U.S. Sen. David Perdue honed his jean-jacketed outsider image with memorable TV spots. Gov. Brian Kemp had his shotgun splash. Now U.S. Sen. Kelly Loeffler is trying to join the pantheon of provocative Georgia TV ads with a new ad comparing her to a feared emperor.
In the ad, released Monday, a couple lounging on a couch compare notes about Loeffler’s conservative record backing President Donald Trump before a khaki-wearing actor remarks: “Yep, she’s more conservative than Attila the Hun.”
The screen darts to a re-imagining of the ruthless leader, who was ruler of the Hunnic Empire during a reign of terror that pushed back Roman expansion and conquered vast parts of Asia and eastern Europe.
“Humph hurr,” Atilla says from a makeshift throne.
“Fight China, got it,” answers a note-taker sitting at his feet.
“Heyllt garr,” Atilla commands.
“Attack big government. Yeah,” responds the lowly aide.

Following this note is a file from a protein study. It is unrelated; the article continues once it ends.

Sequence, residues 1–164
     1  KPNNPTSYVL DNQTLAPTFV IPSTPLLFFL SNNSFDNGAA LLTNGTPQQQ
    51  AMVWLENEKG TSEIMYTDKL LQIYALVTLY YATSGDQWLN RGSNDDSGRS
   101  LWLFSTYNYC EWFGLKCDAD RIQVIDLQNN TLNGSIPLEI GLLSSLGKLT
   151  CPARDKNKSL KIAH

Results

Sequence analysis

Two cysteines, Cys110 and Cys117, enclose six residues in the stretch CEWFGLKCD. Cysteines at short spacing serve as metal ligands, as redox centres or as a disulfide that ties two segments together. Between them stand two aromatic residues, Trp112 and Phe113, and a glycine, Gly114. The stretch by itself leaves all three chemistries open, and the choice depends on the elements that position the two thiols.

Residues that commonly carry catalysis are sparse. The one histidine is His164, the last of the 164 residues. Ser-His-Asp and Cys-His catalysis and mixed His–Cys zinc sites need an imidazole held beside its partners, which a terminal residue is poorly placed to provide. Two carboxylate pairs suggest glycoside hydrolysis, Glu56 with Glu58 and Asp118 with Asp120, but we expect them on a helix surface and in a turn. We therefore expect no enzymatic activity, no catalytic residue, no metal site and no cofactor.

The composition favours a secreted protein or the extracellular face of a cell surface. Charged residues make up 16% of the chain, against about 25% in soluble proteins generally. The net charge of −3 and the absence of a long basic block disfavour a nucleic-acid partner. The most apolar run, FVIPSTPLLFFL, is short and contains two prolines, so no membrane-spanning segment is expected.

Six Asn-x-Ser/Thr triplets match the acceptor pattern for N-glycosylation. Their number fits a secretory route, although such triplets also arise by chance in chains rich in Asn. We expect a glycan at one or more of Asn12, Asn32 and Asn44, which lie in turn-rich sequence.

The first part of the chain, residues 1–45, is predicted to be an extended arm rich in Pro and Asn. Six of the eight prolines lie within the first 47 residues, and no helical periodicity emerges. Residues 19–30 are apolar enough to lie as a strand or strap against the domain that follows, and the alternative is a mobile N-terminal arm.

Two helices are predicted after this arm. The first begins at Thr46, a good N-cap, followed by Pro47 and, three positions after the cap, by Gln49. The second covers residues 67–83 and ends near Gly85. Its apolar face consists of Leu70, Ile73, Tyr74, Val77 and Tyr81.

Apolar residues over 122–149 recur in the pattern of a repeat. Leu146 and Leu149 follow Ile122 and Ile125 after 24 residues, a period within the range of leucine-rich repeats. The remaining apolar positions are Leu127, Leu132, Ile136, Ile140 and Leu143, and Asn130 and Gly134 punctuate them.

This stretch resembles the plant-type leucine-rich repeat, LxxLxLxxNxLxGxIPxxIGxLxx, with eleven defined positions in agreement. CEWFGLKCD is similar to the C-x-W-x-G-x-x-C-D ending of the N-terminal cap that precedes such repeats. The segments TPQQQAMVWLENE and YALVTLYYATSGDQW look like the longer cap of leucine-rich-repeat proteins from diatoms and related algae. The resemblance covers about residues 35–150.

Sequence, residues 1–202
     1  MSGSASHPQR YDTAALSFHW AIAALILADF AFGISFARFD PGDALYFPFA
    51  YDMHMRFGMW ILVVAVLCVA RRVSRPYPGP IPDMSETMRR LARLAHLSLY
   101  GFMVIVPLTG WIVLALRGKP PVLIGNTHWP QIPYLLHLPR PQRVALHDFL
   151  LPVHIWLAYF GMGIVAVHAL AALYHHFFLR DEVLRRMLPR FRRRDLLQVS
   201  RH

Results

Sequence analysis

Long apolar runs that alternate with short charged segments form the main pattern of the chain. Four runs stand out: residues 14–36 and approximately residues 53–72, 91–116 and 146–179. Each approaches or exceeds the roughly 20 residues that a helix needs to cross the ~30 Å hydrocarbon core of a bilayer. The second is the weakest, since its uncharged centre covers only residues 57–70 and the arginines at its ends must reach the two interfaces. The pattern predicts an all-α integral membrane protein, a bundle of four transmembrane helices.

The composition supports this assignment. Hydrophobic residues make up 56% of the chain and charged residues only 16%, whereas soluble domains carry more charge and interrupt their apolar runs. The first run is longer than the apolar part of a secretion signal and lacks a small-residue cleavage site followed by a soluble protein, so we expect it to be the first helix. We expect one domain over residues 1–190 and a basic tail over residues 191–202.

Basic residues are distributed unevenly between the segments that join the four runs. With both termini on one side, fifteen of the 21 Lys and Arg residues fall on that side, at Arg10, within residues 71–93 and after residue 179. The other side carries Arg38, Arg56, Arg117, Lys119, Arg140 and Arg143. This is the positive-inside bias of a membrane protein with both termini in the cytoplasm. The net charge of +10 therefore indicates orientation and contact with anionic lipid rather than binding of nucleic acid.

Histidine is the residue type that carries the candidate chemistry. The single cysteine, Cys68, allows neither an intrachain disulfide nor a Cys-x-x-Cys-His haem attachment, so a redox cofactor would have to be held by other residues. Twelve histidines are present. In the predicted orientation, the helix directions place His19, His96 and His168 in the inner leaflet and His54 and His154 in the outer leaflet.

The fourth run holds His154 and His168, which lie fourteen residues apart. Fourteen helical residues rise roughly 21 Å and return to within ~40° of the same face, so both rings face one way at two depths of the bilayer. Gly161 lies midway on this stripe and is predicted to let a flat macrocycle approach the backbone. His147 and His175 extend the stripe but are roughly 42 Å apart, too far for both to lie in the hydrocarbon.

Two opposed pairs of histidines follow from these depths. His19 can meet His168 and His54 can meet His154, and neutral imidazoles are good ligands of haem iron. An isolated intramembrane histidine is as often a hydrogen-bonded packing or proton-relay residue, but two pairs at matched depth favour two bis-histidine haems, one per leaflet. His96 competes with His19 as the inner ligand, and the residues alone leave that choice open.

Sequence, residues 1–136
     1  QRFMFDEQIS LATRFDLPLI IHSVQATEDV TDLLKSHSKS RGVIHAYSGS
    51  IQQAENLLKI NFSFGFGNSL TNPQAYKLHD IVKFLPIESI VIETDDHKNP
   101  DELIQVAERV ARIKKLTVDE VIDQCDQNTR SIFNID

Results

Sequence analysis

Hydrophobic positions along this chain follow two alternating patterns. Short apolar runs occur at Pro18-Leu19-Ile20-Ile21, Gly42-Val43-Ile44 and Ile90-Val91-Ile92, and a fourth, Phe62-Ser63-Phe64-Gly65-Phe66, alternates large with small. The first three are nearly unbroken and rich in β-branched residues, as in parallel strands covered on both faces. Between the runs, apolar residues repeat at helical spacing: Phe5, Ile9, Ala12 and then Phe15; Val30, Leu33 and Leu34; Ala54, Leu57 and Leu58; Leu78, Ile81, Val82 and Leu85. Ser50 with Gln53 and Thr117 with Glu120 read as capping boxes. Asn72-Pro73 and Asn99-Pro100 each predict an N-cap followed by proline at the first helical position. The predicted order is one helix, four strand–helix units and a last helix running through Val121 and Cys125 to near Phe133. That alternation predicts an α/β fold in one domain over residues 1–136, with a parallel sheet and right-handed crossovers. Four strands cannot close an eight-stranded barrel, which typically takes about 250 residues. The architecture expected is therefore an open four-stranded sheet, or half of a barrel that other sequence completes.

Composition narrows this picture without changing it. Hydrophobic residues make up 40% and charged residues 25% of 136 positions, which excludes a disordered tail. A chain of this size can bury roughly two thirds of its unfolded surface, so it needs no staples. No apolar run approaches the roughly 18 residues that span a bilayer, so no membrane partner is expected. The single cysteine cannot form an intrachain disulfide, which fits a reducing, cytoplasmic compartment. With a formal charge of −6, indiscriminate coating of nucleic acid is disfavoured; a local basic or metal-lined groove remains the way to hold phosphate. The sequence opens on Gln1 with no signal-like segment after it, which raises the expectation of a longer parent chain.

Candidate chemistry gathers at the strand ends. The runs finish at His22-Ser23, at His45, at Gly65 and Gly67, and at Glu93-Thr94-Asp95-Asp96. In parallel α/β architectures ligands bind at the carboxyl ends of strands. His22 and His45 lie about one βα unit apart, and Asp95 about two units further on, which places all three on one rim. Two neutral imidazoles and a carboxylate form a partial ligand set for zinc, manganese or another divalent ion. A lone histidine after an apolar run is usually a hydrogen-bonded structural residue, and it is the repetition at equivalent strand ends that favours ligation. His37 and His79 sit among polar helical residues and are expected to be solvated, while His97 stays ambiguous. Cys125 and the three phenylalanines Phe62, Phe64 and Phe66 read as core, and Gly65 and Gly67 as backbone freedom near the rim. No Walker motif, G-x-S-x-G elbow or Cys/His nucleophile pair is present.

“Darr schfil,” Atilla answers.
“Eliminate the liberal scribes,” translates the staffer, before turning to the camera. “Uh oh.”
Then comes a narrator: “More conservative than Attila the Hun. Kelly Loeffler, 100% Trump voting record.”
Once, Loeffler was promoted as a candidate who could help win over wavering moderates and independents in Atlanta’s suburbs, particularly on-the-fence women. Now her campaign is tongue-in-cheek comparing Loeffler, a wealthy former financial executive, to a murderous despot from the 400s.
It’s a reflection of the dynamics of the messy contest. Loeffler has raced to define herself as the most conservative candidate in the race since Gov. Brian Kemp appointed her to the seat last year, hoping to prevent U.S. Rep. Doug Collins from outflanking her on the right.
(His campaign swiped at the Hun comparison, saying she thinks “conservatives are grunting, filthy, mass-murdering open borders atheist polygamists.”)
Loeffler faces the four-term congressman and 19 other challengers in a November special election with all candidates on the same ballot, and her route to a spot in a January runoff rests with conservative voters.
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About the Author
Greg Bluestein is a political reporter who covers the governor's office and state politics for The Atlanta Journal-Constitution.